People’s Bank of China Deputy Governor Pan Gonsheng Doesn’t Trust Bitcoin
You must have serious concerns about Bitcoin. It is a transaction that involves considerable technology. Supply and demand doesn’t quite explain what is driving the Bitcoin market (dare I say bubble)? Currencies as most people understand them, like the dollar, the euro, or the British pound, store value. Thus, that value also fluctuates. However, Bitcoin appears to operate beyond those parameters in a realm nobody really understands.
Central banks control the supply of their respective currencies, depending on wider economic strategies. But generally, bank governors set out to control inflation and/or stimulate economic growth. “Regular” international currencies, such as those mentioned earlier, also offer the investor and the user a high degree of stability; values don’t tend to change overnight. Meanwhile, the People’s Bank of China, which at one point last summer had become the largest single holder of Bitcoin, started to give up.
Bitcoin’s Success Remains Mysterious
China feels Bitcoin is a market phenomenon that few understand yet. Therefore, it’s hard to control, let alone predict. Indeed, China was responsible for some 90% of Bitcoin trading worldwide. But, fearing a bubble, the PBOC started to ban cryptocurrency exchanges from operating in China. Deputy governor of the People’s Bank of China, Pang Gongsheng trusts Chinese authorities were correct to halt Bitcoin. (Source: “China’s central bank believes bitcoin will die,” Quartz, December 4, 2017.)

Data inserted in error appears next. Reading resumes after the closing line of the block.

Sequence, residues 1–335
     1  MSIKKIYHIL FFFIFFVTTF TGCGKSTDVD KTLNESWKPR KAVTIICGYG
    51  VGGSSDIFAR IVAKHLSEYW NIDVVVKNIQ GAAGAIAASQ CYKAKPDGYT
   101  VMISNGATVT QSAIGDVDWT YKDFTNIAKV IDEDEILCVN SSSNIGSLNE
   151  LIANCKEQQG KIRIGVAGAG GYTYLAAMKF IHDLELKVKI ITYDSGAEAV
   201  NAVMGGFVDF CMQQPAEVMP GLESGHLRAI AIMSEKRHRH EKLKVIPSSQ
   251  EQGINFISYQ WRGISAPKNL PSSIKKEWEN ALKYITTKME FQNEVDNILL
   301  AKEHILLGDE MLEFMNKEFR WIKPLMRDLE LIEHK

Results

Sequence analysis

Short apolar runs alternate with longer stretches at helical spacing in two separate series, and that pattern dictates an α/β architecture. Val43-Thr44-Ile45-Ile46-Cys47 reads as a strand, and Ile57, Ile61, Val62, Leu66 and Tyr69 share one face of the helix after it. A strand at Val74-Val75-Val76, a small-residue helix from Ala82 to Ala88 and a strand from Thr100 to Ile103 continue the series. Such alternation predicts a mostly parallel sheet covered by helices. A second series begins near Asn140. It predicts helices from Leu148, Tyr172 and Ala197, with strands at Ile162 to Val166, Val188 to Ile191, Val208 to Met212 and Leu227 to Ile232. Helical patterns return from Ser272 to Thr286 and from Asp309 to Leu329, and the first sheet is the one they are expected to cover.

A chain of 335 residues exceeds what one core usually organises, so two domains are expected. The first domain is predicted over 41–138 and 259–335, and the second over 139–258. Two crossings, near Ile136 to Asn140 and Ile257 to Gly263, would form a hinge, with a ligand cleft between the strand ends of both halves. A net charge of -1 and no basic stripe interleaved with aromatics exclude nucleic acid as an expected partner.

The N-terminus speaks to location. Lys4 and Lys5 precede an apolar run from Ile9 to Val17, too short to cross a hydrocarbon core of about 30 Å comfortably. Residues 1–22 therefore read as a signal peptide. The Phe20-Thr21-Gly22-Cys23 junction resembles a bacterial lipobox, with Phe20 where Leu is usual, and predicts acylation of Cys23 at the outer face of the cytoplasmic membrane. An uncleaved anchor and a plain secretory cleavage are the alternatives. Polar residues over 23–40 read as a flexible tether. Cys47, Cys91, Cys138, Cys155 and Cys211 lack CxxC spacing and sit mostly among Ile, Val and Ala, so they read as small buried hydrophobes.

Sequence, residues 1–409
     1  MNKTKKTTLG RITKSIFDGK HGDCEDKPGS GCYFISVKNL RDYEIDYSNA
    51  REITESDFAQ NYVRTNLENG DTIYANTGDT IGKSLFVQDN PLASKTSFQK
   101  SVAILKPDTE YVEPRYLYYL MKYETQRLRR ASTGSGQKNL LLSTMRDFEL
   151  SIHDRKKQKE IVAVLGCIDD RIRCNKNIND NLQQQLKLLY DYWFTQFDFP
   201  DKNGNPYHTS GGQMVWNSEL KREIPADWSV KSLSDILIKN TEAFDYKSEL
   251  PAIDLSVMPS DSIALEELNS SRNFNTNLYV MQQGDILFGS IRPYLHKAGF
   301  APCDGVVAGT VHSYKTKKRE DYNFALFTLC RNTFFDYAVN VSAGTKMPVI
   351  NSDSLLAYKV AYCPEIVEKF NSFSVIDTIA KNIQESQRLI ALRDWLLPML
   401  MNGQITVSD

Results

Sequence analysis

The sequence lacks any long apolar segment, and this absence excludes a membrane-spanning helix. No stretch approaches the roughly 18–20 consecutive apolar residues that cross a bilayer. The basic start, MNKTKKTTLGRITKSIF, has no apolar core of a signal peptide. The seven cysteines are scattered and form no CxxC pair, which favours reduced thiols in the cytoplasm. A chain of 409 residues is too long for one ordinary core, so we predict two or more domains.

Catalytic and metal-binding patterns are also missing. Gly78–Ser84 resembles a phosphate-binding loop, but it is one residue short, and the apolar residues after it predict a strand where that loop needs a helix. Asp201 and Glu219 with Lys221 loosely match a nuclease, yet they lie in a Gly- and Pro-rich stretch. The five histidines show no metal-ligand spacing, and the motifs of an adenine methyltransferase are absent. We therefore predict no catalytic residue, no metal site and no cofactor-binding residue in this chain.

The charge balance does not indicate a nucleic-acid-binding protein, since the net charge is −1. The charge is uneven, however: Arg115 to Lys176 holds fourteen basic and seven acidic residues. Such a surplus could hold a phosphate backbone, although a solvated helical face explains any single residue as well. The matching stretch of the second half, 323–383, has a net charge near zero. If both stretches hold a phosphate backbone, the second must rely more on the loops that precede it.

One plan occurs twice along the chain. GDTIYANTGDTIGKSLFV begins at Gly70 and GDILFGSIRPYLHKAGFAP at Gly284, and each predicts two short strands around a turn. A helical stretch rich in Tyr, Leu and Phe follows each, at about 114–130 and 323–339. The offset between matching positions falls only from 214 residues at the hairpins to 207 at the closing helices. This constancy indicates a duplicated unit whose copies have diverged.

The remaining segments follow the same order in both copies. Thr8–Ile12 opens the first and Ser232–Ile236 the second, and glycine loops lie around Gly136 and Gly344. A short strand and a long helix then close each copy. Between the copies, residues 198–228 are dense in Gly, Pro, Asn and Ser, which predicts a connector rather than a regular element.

Pang believes that Bitcoin faces one of two scenarios, neither one of which promises anything for which you should consider risking your savings. As if you needed reminding, if you’re reading this, bitcoin went over the $11,500 mark, meaning it has gained more than 10 times its value in less than a year. Pang clearly fears that had China continued to allow bitcoin trading, the value of bitcoin could have gone higher in a speculative bubble. He hinted that the bubble could have burst just in another case of the tulip bulb market in the 1600’s (“Tulip Mania”) or the Internet/dot-com bubble of 2000. (Source: Ibid.)
Alternatively, should bitcoin not burst in a bubble, it will risk being stolen. Literally, hackers could break into the blockchain technology that governs its trades and value. Pang also mentions the rising potential that more governments could follow the Chinese path, banning bitcoin outright. (Source: Ibid, Quartz). Time will tell (not a very long time, mind) if Pang is correct. For the time being, bitcoin investors remain optimistic.
Even the Chinese ones. The bitcoin exchanges that the People’s Republic has shut down have simply moved shop abroad, while former clients continue to trade have moved to peer-to-peer marketplaces to continue their trades. But here’s the catch: just because trades are continuing abroad, it doesn’t preclude any of Pang’s scenarios from materializing. He may still be right.